Even if we assume, for the sake of argument, that the father is correct in his contention that the trial court did not make a retroactive modification of the accrued installment judgment, he must demonstrate to us that he should receive credit against the support obligation for the payments that were made directly to the mother. In other words, even if the trial court's order did not violate ORS 107.135(2), the father must also show that the order did not violate ORS 23.765(6).

We are of the opinion that the trial court's order directing the Department of Human Resources to enter a satisfaction of all support obligation as of January 8, 1979, was in error. The order was in violation of direct mandate of ORS 23.765(6).

The father, by arguing that the Social Security Administration is not an "obligor" under the statute, is merely boxing himself into a corner. If the Social Security Administration is not an "obligor" or is not making the payment on behalf of the father as an "obligor," then the father is a mere volunteer and not entitled to credit under any theory.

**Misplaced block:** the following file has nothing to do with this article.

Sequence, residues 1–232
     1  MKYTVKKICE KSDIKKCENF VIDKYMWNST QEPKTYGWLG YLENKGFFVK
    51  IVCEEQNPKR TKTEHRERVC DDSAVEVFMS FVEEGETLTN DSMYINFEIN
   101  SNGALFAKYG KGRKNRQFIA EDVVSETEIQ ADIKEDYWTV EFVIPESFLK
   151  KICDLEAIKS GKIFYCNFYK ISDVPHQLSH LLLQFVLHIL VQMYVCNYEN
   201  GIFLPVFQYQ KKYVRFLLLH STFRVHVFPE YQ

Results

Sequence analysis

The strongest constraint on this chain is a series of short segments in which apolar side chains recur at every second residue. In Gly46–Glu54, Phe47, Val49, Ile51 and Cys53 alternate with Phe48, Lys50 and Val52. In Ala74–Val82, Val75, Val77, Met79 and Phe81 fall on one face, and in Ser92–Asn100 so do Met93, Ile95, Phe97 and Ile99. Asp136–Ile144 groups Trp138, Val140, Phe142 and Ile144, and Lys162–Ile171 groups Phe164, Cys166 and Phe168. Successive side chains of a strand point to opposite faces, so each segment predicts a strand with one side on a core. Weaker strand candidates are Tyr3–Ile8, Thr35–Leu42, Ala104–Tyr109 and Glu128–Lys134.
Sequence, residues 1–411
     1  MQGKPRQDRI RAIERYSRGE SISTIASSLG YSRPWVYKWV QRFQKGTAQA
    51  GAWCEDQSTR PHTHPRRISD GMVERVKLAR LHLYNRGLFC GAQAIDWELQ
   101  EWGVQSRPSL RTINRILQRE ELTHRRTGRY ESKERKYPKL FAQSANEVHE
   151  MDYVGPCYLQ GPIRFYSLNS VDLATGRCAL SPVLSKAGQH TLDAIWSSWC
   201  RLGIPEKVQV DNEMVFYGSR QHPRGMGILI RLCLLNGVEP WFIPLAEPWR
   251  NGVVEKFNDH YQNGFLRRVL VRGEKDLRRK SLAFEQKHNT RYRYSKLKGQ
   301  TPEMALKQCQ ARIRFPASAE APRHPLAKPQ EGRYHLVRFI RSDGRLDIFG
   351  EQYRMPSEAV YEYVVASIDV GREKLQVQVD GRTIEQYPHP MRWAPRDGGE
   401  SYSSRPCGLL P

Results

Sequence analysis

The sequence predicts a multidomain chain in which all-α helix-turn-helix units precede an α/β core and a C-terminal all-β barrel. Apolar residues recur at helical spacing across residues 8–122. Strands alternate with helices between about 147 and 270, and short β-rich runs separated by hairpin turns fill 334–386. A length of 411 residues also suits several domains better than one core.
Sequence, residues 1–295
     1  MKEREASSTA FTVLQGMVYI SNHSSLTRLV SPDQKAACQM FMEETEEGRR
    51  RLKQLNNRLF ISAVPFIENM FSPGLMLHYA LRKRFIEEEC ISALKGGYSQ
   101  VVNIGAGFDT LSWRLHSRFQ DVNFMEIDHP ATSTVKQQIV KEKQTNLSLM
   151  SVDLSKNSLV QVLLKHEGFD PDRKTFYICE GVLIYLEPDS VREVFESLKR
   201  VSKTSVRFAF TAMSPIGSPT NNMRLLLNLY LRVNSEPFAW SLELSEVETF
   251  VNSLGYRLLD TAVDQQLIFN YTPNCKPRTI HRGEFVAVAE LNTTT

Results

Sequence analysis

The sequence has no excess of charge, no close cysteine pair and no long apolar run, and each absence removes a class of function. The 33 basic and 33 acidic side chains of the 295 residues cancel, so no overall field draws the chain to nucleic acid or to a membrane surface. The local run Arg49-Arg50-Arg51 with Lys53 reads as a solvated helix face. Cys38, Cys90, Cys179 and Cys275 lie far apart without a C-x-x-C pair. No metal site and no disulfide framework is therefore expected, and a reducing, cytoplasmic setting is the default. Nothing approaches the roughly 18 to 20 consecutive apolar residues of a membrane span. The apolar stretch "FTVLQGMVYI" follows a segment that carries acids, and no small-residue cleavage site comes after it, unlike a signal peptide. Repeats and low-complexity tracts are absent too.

The father's reliance on Larkin v. Marshall, supra, is misplaced. That case is not authority for an exception to the statute based upon "equitable considerations."[4]

We cannot ignore the plain and unambiguous language of ORS 23.765(6) adopted by the Legislative Assembly. Monaco v. U.S. Fidelity & Guar., 275 Or. 183, 550 P.2d 422 (1976); Lane County v. Heintz Construction Co. et al., 228 Or. 152, 364 P.2d 627 (1961).



[*] PETERSON, J., did not participate in the decision of this case.

[1] The father's petition in this court also requested that we review the failure of the trial court and the Court of Appeals to change the custody of the minor son. We limited review to "the question of whether the trial court erred in crediting the social security benefit payments to the father's support obligation."